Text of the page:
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Quick Facts

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Canterbury Cathedral
Cathedral and Metropolitical Church of Christ at Canterbury
Christchurch Cathedral
51.279696° N, 1.082883° E
The Precincts
01227 762 862

Essays on Canterbury Cathedral

  • Overview

    by Holly Hayes
    October 27, 2011

    The exterior of Canterbury Cathedral immediately impresses by its size, but also rewards closer attention to its details. Viewed directly from the south, the abrupt change from Romanesque to Gothic is clearly evident - to the right (east) are round arches, blind arcades, and rough surfaces; to the left are the abundant pointed arches and pinnacles of the Gothic nave. Decorating the Romanesque exterior are intertwined blind arches embellished with decoratively carved columns and figurative capitals, all of which date from Archbishop Anselm's reconstruction around 1120. continue reading →

  • Listed Building Description

    “The National Heritage List for England,” English HeritageNovember 30, 2011Reprinted with permission on February 10, 2013.

    944 THE CATHEDRAL PRECINCTS Christchurch Cathedral TR 1557 NW 5/1 3.12.49 I The original church on the site was one built for Roman Christians. St Augustine reconsecrated the church in 602 AD. The present building is a mixture of building styles from the C11 to the present day. The exterior is built mainly of Caen stone. On the East side some Romanesque arcading is visible though most of the stone work dates from 1175-84, built by William of Sens and William the Englishman, or from the late C14 to mid-C15 rebuilding. 7 bay Nave with clerestory, built between 1378 - 1410. continue reading →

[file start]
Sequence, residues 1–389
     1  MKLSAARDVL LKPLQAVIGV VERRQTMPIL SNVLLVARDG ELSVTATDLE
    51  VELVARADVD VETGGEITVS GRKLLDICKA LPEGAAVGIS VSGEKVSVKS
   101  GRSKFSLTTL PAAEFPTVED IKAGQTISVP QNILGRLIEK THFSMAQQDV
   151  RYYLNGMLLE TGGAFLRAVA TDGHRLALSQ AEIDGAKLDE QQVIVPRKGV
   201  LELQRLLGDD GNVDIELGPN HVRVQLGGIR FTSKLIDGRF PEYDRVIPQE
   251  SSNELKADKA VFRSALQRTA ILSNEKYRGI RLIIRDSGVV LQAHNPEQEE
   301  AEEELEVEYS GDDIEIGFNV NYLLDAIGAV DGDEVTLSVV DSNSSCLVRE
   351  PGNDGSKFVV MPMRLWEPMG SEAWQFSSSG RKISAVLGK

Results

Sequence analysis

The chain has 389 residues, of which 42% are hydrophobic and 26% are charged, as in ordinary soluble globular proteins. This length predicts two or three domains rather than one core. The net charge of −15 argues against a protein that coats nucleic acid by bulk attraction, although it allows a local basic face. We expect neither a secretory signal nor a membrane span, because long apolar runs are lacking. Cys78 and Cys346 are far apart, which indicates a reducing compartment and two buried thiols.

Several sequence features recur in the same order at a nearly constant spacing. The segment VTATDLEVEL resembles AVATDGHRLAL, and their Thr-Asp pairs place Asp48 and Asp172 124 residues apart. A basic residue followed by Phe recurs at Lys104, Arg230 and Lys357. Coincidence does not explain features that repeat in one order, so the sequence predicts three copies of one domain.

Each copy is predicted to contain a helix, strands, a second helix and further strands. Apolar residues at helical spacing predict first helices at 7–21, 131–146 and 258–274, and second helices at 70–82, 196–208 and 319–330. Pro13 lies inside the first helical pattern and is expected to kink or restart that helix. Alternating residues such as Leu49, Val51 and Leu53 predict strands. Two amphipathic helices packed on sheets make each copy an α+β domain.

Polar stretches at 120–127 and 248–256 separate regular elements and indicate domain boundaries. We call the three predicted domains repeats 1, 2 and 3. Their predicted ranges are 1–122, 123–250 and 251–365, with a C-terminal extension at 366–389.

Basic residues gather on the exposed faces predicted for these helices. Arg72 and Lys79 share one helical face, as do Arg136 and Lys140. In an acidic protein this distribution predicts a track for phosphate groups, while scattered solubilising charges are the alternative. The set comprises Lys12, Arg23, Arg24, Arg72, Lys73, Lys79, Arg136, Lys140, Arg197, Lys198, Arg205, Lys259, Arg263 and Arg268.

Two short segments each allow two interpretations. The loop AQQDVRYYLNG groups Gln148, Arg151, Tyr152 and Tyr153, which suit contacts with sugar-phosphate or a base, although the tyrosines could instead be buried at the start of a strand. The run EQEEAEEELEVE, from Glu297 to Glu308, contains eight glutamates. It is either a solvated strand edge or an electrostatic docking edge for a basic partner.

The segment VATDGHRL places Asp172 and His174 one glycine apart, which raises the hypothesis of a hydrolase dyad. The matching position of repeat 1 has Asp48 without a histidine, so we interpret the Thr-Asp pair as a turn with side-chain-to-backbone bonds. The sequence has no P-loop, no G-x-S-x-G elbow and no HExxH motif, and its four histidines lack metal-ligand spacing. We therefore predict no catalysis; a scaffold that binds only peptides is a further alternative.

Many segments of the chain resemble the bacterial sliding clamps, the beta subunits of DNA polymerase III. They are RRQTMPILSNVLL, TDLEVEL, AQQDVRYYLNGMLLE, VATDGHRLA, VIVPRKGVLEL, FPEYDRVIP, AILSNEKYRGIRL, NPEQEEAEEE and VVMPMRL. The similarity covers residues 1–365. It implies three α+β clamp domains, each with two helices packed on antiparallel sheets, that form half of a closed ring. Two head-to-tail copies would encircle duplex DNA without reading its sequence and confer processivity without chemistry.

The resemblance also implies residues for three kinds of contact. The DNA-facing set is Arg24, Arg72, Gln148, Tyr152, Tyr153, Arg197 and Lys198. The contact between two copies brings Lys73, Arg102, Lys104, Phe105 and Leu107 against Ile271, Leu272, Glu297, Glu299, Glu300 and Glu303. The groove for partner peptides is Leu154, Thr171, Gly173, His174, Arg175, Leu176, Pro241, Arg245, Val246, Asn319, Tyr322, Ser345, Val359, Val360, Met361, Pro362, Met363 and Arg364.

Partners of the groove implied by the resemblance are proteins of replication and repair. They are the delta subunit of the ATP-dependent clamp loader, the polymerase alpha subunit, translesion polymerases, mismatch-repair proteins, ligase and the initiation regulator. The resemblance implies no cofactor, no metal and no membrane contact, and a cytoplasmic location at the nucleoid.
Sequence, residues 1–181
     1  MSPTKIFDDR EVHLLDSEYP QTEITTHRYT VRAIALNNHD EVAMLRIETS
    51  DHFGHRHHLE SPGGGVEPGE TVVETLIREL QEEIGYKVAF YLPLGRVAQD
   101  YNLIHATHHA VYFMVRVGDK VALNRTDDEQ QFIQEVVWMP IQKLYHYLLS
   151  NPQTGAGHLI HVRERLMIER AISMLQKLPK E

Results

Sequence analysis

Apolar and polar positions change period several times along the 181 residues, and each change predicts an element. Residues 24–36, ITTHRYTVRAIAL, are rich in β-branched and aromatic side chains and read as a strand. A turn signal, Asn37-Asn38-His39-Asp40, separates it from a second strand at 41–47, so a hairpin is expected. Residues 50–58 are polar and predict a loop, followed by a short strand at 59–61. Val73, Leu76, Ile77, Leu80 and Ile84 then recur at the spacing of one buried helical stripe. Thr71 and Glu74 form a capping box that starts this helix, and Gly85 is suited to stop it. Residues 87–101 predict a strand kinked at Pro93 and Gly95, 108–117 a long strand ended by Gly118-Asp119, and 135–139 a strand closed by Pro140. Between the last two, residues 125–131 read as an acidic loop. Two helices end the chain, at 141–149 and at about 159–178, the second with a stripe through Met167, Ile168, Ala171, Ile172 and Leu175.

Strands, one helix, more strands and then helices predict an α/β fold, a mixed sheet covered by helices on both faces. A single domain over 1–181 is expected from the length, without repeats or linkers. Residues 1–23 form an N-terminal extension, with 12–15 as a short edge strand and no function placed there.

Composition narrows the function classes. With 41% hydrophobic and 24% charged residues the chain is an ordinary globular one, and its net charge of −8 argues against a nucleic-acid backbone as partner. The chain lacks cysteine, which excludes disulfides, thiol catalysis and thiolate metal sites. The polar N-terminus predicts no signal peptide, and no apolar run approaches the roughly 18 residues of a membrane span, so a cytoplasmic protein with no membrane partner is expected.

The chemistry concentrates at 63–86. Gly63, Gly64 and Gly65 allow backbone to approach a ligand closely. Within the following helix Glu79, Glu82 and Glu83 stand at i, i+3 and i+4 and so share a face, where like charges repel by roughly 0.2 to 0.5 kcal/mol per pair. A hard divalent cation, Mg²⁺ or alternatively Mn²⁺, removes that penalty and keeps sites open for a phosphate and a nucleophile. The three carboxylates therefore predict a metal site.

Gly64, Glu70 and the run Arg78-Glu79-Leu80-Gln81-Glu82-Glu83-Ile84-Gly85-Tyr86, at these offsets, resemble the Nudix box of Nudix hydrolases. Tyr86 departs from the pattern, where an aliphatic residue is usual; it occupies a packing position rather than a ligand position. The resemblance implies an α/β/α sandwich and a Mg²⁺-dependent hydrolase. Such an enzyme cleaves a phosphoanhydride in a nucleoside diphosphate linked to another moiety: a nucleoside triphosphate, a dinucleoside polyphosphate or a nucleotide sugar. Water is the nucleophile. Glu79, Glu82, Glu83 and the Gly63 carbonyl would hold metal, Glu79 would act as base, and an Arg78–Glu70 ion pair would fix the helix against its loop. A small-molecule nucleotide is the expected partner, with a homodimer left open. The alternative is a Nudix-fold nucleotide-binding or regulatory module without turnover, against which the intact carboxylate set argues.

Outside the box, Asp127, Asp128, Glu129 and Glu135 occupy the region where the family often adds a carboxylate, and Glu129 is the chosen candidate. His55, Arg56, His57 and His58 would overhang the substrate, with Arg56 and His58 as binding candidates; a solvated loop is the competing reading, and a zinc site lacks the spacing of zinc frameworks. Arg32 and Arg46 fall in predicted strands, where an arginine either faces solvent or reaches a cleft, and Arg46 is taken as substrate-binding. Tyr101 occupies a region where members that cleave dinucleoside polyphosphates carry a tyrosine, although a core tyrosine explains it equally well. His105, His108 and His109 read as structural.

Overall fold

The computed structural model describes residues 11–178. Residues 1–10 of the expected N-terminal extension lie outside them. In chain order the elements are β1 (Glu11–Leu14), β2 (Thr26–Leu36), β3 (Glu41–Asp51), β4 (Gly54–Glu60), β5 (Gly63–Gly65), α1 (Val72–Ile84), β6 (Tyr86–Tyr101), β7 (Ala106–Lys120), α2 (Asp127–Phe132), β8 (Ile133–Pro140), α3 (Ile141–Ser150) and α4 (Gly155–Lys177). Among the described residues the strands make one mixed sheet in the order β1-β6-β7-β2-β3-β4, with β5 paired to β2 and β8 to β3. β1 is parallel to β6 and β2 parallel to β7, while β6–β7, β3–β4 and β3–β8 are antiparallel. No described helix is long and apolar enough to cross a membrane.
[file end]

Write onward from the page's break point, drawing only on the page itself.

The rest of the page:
Blog Posts on Canterbury Cathedral

  • Canterbury to Cambridge

    Posted September 21, 2010 by Holly Hayes Part of: UK and Western Europe

    Yesterday morning we went inside Canterbury Cathedral as soon as it opened at 9am and started our visit in the crypt, which was closed last time we visited. It is the biggest crypt I've ever seen, stretching underneath almost the whole length of the cathedral. It's also the oldest part, dating from the early 1100s.…

  • Canterbury Sneaky Beak

    Posted September 20, 2010 by Holly Hayes Part of: UK and Western Europe

    Canterbury Cathedral at dusk last night Night view after the lights came on Pretty golden light early this morning - very glad I got up in time for this, because the sun only lasted about five minutes and the sun barely showed up again the rest of the day! Canterbury Cathedral Gate this morning We saw some other great…

  • Brussels to Canterbury by Train, Ferry and Car

    Posted September 19, 2010 by Holly Hayes Part of: UK and Western Europe

    We are back in the UK and so happy to be here! It's kind of strange in a way - everything is so familiar that it seems like returning to the USA was all a dream and soon we'll just drive back to our home in Oxford. We've revisited several of our favorite things already: Marks & Spencers, Pepsi Max (even more delicious…

  • Canterbury

    Posted November 19, 2007 by Holly Hayes Part of: Graduate School in Oxford

    Canterbury is a smallish town but it is the spiritual capital of England, for two reasons. First, it was the headquarters and burial place of St Augustine, the first Archbishop of Canterbury. He was sent from Rome by Pope Gregory to convert the English from paganism in 597. A monastery and cathedral were established…

Bibliography of Canterbury Cathedral

  1. A Quick Guide to Canterbury Cathedral.” Official Website of Canterbury Cathedral. Web.
  2. The National Heritage List for England. English Heritage. November 30, 2011. Web.
  3. Official Website of Canterbury Cathedral. Web. Official website.

Article Info

Short URL
Submitted by
Holly Hayes
First published
October 8, 2013
Last updated
July 11, 2014

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